22 comments to The Wonder that is Papercrete

  • I could see using this material to build a semi-permanent structure like a storage shed but I would be a little nervous the termites might move in if I used it to build a home. Interesting idea though!

  • Sounds really interesting. I am definitely going to look into this. We want to make some raised beds in the yard and I might try to make bricks out of this. Thanks for such a cool tip.

  • Sounds interesting. We have to experiment with all these as soon as we get our own place.

    PS: Mike and Molly’s house link goes to Jeff’s blog.

  • Hunter - Financially Consumed

    I think it’s great that we can make our own building materials. The manufactured materials are not always the best quality. I really Mike & Molly’s blog too.

  • I have never heard of papercrete but it seems like it would be an excellent choice for a patio or walkway.

  • I have never heard of it before, but it sounds like a great thing for garden walls. I will have to look it up to see if I can find some pictures!

  • Andrea

    never heard of it before, very interesting!

  • @ Paul – I felt the same way, but there was a woman who built her home out of the stuff – she seemed pretty confident about it. I’d be curious, to be sure.

    @Miss T – You read my mind miss t. Im thinking of using this for raised bed garden at my place next year if I cant find any free lumber. I’ve even got an old oil drum to mix stuff in!

    @ Suba – Thanks for catching the link error! I’m glad you’re looking into these too. It seems like once you’ve got the form built, you can basically make how ever large of a batch you have capacity for.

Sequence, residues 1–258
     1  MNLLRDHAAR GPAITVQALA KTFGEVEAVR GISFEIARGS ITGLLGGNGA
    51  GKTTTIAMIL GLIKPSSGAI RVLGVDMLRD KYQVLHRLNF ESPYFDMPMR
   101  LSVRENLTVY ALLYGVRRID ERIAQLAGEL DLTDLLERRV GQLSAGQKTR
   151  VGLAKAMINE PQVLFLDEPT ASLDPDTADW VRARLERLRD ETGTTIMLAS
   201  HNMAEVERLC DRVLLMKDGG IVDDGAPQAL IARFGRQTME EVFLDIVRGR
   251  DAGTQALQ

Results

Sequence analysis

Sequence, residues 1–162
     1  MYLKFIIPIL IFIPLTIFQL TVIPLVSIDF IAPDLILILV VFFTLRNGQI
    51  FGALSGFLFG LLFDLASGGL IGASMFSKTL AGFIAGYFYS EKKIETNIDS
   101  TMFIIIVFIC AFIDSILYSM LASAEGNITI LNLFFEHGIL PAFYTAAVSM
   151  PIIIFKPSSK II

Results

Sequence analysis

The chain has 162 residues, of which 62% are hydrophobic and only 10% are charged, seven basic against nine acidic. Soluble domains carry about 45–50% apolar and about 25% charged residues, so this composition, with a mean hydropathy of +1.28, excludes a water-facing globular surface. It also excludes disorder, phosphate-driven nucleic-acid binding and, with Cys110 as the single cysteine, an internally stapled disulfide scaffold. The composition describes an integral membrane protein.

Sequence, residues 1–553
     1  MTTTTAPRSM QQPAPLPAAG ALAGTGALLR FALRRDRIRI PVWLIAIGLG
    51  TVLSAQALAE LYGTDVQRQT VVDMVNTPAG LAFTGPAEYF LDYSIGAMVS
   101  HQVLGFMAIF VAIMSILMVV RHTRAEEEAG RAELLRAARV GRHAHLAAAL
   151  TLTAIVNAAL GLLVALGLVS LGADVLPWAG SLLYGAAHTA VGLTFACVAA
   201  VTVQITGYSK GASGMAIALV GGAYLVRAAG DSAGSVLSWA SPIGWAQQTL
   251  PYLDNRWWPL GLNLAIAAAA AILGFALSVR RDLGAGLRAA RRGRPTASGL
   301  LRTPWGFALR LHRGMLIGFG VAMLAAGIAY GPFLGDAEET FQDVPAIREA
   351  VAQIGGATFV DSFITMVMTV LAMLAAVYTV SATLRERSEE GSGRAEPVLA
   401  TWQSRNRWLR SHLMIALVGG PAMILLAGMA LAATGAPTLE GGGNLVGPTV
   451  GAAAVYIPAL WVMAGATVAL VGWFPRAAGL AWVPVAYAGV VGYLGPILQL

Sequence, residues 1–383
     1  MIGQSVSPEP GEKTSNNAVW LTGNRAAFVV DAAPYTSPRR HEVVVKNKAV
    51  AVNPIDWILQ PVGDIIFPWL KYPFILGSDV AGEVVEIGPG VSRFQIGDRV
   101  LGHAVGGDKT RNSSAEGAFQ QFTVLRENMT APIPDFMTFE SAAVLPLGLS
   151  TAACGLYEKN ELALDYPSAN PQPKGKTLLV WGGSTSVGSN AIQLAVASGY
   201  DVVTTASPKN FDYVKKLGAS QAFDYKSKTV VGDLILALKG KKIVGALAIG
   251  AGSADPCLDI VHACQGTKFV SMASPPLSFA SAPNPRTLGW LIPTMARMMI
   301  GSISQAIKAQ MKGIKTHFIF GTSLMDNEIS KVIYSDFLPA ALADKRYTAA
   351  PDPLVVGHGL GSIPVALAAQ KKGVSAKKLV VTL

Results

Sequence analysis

@ hunter I totally agree. The more I get into DIY, the more things I learn you can make.

    @ YFS – Agreed – Once I get my own place, I’d love to give it more diy projects going.

    @20sfinance – def look it up – there’s actually quite a following on it!

    @ andrea – give it triy

  • I like how Mike used papercrete for the sides of the raised beds in the garden. I suspect the thermal mass of the concrete helps to keep the soil warm in spring and fall.

  • Papercrete really seems like a great building material. Love Mike and Molly’s projects, especially the yurt.

  • I have never heard of this stuff! Sounds like it can be used for a cool backyard project. I’d be a bit weary to use it for construction that would house my family.

  • This is my first time hearing of papercrete, but I think it’s awesome. If used to build a house, I wonder if I’d ever be able to shake the idea that my house was made of paper.

  • This sounds like a fun project to try. Will you be making any papercrete soon?

  • jsp

    I am building a garage in the north-east using papercete and to circumvent any concerns reated to strength have been reinforcing the walls every 3 feet with grouted cores containing reinforcing bars.

    So far, no distress. Challenge is making it in sufficient quantities and dimensionally uniform

    Temple University students’ display at this spring’s Philadelphia flower show will incorporate it as a stucco finish over light gage wire. j

  • Steve MoneyPlanSOS Stewart

    It sounds almost too good to be true. Could it be that the typical consumer’s perception of a paper-based wall is what keeps construction builders from trying it out in their projects?